As for Horford, he managed to play a whopping 34 minutes and definitely didn't look like a guy who hadn't played legitimate NBA basketball in three weeks or so. The big man notched his first double-double of the season with 18 points and 11 rebounds and complemented that with five assists, two steals and three blocks—the last of which happened to be a game-sealing rejection of Aron Baynes as the clock expired. Beyond that, though, the ball was zipping around the floor whenever Horford was in the game. He ran about 500 dribble-handoffs with each of the Celtics' guards and was excellent in the pick-and-roll/pop.
Perhaps the most telling number is his game-high +16 plus/minus. Horford's impact could be seen in every aspect of the game and he's a huge reason the Celtics were able to come away with this win.
The art of setting a screen (Bill Sy): It doesn’t show up as a counting stat in the box score, but screen setting is such a big part of the game. With the NBA shifting to more perimeter play, being able to 1) set an effective pick and 2) be an option as a roll man or a pop shooter is very important. You could see it tonight with Al Horford back in the lineup.
Maybe some of them are illegal. I don’t know. I’m not a screenologist, but I do appreciate art and Horford is an artist when it comes to setting screens. Horford uses all 6’10, 250 lbs. of his body to free up Thomas on those straight lines to the basket and creates enough space for Bradley to shoot his mid range jumper. In addition to his work as a lead blocker, Horford has become a reliable stretch big with his three-point shot and a good down hill runner when he rolls to the rim.
After all the convoluted ATO’s in Monday’s loss in New Orleans, The Celtics went to the same simple dribble hand off play between Thomas and Horford three times to finish the game and it resulted in a Thomas lay up, Thomas getting to the line, and Thomas finding Crowder for an open 3 (that lead to Smart’s offensive rebound and Horford’s eventual game-winning put back). We’ll see that bread and butter all year.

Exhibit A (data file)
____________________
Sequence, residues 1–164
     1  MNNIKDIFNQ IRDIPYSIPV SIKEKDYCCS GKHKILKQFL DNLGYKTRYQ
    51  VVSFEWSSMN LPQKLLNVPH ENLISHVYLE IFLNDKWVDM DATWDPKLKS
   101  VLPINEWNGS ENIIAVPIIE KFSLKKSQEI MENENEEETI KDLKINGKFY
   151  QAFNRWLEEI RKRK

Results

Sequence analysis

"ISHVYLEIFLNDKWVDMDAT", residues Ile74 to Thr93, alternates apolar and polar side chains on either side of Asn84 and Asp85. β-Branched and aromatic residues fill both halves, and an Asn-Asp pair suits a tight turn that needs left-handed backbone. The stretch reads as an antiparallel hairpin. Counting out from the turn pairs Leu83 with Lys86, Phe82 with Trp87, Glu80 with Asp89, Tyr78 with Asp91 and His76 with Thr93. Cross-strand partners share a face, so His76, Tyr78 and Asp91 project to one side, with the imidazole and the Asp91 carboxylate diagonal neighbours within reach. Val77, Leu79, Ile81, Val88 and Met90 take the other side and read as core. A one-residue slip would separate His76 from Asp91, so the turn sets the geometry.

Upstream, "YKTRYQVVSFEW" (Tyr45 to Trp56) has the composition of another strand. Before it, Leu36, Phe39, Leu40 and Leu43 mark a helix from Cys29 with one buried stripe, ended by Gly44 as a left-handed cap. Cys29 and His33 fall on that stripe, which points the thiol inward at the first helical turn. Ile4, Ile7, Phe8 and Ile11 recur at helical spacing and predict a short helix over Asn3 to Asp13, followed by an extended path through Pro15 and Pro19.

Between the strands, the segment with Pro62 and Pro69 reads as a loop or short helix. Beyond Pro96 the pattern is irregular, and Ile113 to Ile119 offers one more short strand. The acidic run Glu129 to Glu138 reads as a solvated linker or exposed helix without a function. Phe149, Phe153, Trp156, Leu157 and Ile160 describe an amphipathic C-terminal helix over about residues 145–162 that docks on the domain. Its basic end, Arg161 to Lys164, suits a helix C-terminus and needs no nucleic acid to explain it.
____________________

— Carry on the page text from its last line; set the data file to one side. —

Are Jaylen Brown’s limited minutes a sign of things to come? (Lachlan Marr): We didn’t see much of the Celtics rookie in this game but what we did see was fairly encouraging. Brown came in for a couple of short stints and managed to make an impact on the box score putting up five points in just seven and a half minutes on the floor. He was tenacious on offense even though he remains a step slow at times on defense and is obviously still figuring out his place in the rotations.
With Jae Crowder back and Jonas Jerebko seemingly firing on all cylinders, Stevens seemed reluctant to put Brown in for big minutes in such a close contest. In the end this proved to be the right call as the Celtics got the win but it will be interesting to see if the rook gets much run in the coming weeks now that the Celtics are back at full strength.
With all the major pieces back in play we might see the rotations stabilise somewhat and get a good idea of where and how much Brown can contribute to the team this season. With the positive play in limited minutes displayed by Brown so far it’s likely he’ll craft himself a steady spot in the regular rotation and ultimately where he goes from there will depend on him continuing to perform.